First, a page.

It is true that we cannot get it right for everyone and the aim of this paper is to stimulate the necessary discussion. The national debate is at an early stage. Maybe more consensus or even new terms may emerge as the conversation matures. In the meantime, for all of us, a decision has to be made re the terminology which one uses. The position of an organisation is ultimately known by promoting the context within which it works. By all means gravitate to a term of your choice. Include your definition in key leaflets and papers, and promote it in association with your work. BEN itself gravitated to using the term “black” symbolically in its name, always stating what we mean by it - BEN uses the term “black” symbolically, recognising that the Black communities are the most visible of all ethnic communities. We work with black, white and other ethnic communities.

When referring to research or academic documents, look for a definition when the terms “ Black”, “Black and Asian”, “multicultural” etc. are used. The meaning of terminology vary, for reasons ranging from particular academic definitions, differing understandings and positioning of the organisations concerned, to the practical declaration of boundaries for a piece of research. Certain organisations may define terms in relation to the issue they are trying to address. When referring to older documents, it is useful to be aware of the definition/understanding of the terms as used at that time. Definitions do put the content in context for you, e.g. The Arts Council document “Achieving the Arts of England's Culturally Diverse Communities (1999)” defines “Black” as follows: “Black refers to people of African, Caribbean, Asian and Chinese origins in accordance with the Arts Council's 1994 definition of cultural diversity”.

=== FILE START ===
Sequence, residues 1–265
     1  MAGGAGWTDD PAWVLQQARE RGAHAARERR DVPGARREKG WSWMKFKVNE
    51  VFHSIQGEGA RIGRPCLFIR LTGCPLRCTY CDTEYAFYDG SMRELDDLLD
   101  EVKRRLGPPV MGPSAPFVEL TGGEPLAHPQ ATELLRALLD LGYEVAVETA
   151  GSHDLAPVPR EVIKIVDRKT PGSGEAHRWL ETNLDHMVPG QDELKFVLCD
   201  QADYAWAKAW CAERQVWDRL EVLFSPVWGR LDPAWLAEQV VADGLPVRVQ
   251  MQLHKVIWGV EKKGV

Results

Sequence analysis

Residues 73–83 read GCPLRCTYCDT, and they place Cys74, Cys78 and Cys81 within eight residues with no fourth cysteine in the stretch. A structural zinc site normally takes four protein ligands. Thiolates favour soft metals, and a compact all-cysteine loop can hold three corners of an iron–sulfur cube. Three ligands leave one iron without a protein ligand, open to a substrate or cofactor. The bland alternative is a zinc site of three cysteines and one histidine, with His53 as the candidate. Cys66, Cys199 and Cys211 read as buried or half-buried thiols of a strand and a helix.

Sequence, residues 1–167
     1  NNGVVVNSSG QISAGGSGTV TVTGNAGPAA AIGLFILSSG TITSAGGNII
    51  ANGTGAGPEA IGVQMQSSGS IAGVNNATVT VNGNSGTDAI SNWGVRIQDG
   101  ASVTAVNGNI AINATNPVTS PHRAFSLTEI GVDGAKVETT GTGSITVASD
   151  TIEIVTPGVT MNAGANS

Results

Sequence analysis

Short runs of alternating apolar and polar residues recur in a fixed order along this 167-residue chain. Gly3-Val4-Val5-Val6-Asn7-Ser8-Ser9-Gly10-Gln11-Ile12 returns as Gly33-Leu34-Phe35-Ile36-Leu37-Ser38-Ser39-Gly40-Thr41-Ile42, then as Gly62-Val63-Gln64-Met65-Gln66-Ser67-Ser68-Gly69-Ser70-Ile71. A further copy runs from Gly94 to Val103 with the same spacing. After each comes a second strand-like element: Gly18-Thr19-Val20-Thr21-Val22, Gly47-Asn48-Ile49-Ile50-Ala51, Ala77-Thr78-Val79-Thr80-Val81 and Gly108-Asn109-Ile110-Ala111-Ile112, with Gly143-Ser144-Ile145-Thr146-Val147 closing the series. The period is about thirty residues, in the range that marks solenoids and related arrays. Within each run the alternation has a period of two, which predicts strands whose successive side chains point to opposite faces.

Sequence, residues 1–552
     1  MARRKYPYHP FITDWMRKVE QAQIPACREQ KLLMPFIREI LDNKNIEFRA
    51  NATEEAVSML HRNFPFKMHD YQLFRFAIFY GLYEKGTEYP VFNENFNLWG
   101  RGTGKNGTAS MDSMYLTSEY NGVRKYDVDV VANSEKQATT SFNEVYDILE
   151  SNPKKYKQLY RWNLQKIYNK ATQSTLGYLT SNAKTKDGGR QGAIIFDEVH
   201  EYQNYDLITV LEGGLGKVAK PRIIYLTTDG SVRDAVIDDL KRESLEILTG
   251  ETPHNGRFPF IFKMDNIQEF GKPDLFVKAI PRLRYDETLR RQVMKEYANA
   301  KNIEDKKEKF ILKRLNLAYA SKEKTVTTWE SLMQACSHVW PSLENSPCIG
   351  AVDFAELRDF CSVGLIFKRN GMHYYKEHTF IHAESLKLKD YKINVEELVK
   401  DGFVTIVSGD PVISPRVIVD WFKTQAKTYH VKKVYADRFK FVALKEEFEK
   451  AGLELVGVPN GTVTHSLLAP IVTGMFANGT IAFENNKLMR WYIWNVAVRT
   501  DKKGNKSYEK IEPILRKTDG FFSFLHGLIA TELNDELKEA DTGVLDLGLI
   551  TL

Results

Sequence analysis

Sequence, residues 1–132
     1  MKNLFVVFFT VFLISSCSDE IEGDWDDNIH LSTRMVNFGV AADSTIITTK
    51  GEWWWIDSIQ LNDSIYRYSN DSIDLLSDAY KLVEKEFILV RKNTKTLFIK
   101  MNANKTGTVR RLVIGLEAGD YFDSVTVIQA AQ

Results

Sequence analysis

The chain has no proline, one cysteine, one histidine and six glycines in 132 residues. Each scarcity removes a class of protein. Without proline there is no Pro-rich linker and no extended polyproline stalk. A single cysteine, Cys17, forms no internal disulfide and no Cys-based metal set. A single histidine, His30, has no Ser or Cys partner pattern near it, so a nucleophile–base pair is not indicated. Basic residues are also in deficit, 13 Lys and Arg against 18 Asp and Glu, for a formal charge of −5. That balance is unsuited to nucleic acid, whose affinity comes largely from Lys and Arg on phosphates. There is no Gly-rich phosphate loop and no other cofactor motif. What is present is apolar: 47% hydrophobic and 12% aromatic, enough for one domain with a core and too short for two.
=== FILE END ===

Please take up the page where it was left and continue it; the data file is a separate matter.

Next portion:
In the main, BEN has moved away from the term “ethnic minorities”, preferring to use the term “ethnic communities” and “ethnic community groups”, because although in the UK context its meaning is clear, when working regionally or locally, in a significant number of cases, the ethnic `minorities' are the majority local population. In all, our opinion is that “ethnic communities”, “ethnic groups”, “minority ethnic culture” and “ethnic minorities” still feature as the most useful and inclusive terms.

“Black and minority ethnic groups” or BMEgroups has recently become an officially preferred term. There are many valid reasons for which “Black” groups fought to gain the status of being named as needing a separateness within the range of ethnic minority groups.

This, understandably creates tension within the range of ethnic minority groups, as the contemporary socio-political scenario is constantly shifting the balance. For example, at the present times, since September 11, there is a real case for giving particular attention to Muslim groups. The fact is, that being named as a category within officialdom does switch on targeted strategic action and resources.

When one is working locally, the best policy is to approach community groups to assess the local picture and find out exactly how they wish to be described.

Download Guidance Paper 5